“You get what you focus on, so focus on what you want.” In this episode, I share my thoughts on two elements that every leader must master to win: Focus and Finish. They may seem simple at first, but if you don’t understand their importance, you may lead yourself or your team to disaster.
There are two powers every leader can learn to harness and wield to drive positive results for themselves and their team: Focus and Finish.
Focus – As covered in a previous episode, I’m a huge fan of the Bullet Journal system by Ryder Carroll. I’ve been using this productivity system since 2019 and really found it to be a powerful tool that I can tailor as needed to meet my needs to track the past, organize the present, and plan for the future. My Bullet Journal helps keep me focused by organizing tasks and thoughts within multiple time frames so that I don’t feel overwhelmed. I can clearly see what tasks I need to finish today, this week, this month, this year, or even further. The different options of organization help keep your mind focused on what matters: if it’s not being tracked within my Bullet Journal, it’s probably not that important. In addition, I can see my accomplishments in a manner that encourages positive discipline. Keeping a streak of running mileage, books read, or released podcast episodes are oddly satisfying. Tune out the noise and distraction of the day-to-day grind so you can stay focused on what matters.
I’ve also found the “analog” nature of the Bullet Journal system to be extremely productive. By having to organize your thoughts and transcribing them, you start to develop a shorthand style of writing that captures the most important thoughts for action or reflection. You can’t have 34 open tabs on a browser or a never-ending inbox of emails you haven’t opened yet and never intend to, yet those things are weighing you down as a leader. Track what matters within a flexible system to minimize distractions and stay focused.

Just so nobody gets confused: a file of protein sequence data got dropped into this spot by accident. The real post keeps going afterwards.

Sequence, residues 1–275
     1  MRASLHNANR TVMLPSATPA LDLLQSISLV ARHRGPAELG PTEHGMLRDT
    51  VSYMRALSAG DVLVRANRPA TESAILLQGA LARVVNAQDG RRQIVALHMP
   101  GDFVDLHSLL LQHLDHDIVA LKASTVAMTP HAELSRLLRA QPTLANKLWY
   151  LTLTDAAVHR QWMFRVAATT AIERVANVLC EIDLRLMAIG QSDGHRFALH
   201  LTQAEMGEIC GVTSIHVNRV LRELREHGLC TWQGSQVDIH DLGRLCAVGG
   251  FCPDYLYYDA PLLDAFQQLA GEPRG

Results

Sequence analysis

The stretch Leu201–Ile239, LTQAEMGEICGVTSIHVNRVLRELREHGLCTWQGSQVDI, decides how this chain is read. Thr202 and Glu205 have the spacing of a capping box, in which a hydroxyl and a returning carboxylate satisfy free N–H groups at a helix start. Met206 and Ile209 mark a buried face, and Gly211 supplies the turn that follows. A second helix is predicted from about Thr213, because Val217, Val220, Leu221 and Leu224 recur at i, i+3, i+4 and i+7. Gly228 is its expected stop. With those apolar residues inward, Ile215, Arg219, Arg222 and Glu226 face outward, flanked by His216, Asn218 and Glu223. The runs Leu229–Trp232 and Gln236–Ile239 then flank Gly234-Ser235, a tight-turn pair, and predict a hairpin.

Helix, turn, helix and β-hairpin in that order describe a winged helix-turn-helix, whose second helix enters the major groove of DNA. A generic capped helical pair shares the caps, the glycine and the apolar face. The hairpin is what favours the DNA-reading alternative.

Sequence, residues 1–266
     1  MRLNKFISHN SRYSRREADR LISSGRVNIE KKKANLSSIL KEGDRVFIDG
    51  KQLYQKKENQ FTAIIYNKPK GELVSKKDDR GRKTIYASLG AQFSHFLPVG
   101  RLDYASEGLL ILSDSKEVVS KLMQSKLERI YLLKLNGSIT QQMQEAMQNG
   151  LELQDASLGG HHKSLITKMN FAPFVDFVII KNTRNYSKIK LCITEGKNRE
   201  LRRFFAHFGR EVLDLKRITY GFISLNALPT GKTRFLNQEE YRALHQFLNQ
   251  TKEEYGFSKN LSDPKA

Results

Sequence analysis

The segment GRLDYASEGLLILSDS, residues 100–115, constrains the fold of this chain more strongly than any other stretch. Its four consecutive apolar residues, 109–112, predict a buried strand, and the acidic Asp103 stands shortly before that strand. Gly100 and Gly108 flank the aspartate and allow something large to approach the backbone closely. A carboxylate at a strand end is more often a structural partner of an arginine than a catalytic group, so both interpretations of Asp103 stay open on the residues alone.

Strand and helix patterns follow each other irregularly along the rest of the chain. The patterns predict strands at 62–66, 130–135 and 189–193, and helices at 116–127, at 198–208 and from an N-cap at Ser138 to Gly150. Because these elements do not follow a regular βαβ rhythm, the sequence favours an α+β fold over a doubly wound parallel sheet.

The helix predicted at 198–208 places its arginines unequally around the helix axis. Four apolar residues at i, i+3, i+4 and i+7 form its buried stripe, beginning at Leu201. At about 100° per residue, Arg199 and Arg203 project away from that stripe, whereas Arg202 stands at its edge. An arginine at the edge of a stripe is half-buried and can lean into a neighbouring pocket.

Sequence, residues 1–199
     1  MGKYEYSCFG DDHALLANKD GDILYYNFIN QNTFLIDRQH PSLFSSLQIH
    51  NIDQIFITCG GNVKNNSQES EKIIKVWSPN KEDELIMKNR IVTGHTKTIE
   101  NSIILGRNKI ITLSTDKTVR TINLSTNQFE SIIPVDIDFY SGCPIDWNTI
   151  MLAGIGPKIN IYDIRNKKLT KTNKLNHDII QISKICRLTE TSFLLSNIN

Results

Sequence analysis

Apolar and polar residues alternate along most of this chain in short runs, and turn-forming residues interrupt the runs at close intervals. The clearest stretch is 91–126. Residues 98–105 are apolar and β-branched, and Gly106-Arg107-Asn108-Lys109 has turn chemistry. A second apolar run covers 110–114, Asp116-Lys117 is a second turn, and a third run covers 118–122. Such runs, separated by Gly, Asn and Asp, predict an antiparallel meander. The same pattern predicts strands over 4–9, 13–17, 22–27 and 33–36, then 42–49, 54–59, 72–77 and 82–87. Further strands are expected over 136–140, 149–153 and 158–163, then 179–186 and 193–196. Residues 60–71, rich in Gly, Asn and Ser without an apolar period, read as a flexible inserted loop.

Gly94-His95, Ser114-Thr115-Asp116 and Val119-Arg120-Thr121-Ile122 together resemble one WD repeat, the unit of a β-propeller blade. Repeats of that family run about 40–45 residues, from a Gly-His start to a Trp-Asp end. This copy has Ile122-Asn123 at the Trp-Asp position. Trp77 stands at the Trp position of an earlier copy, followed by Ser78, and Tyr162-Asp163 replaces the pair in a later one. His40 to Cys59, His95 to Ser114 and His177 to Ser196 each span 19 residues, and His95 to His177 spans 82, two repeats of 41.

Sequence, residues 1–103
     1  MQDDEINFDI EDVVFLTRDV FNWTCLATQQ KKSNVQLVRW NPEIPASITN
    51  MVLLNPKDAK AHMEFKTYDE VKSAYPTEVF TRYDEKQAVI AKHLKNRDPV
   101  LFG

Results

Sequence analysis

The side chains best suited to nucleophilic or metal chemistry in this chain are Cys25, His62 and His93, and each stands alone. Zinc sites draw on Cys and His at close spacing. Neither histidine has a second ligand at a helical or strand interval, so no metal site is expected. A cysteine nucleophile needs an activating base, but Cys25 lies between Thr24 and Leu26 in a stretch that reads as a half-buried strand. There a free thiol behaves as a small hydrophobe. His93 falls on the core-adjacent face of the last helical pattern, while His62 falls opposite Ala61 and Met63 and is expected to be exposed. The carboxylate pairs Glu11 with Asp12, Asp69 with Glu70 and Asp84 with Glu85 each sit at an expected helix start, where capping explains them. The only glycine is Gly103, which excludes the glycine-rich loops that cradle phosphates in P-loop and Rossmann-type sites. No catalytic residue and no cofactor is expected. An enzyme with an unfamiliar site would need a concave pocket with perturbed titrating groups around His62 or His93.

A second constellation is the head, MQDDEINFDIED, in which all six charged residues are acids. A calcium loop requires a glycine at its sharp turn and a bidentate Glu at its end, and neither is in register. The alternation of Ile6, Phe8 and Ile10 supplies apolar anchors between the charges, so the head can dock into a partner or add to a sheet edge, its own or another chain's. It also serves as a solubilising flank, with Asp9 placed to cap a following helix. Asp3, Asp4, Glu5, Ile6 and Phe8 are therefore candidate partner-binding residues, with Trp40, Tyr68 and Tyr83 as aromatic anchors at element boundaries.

Finish – Closely related to the idea of Focus, progress can’t truly be made unless you Finish what you started. No one cares if you participated in a marathon race: it only matters if you finish. The months of preparation and training mileage can only deliver a feeling of accomplishment when you cross the finish line. When it comes to performing an individual task or leading a team project, be relentless with your drive to get the work done.
Possibly the most common effort I’ve seen that people fail to finish is Professional Military Education. Yes, there are some legit life reasons that may prevent you from finishing this important milestone within your military career, but more often than not the lack of finishing is due to poor focus and time management. After I graduated from USMC Command and Staff College in late June of 2014, I was selected for promotion to Lieutenant Colonel and was immediately eligible to enroll in Air War College (AWC) by correspondence. One of my former mentors contacted me to congratulate me on my promotion, and then asked when I was going to sign up for AWC. Here’s how the rest of the conversation went:
Me: “I plan on taking the next two months off and I’ll finish it by the end of the year.”
Him: “No, you need to enroll right now and get it done by October.”
Me: “I just did a year of school, I don’t want to do more!”
Him: “Noted, enroll this week and get it done. I bet you can’t finish it by the end of October.”
So he already knew if he challenged me that I would take that lightly. I signed up in July and started AWC at the same time moved my family to Hawai’i and started my tour on Pacific Air Forces staff. On 31 October 2014, I passed the final block and graduated from AWC by correspondence…all within the same year. I’m highly confident my dedication to finish AWC set me apart from peers and helped me earn all of the opportunities the Air Force has provided for me. If I didn’t have a mentor push me to finish AWC, who knows how my story would’ve gone. Finishing PME was completely in my span of control, and I knew I didn’t want to lose the challenge from my mentor. The discipline to finish can be applied to any personal or professional goal or task you have: writing a book, completing a project on time, running a marathon, getting your first pull-up, etc. Whatever reason you need, just finish.
Focus and Finish are within the immediate span of control of leaders at any level to take advantage of. Instead of letting external forces affect your mindset and ego and distract you from your or your team’s goals, just remember to Focus and Finish.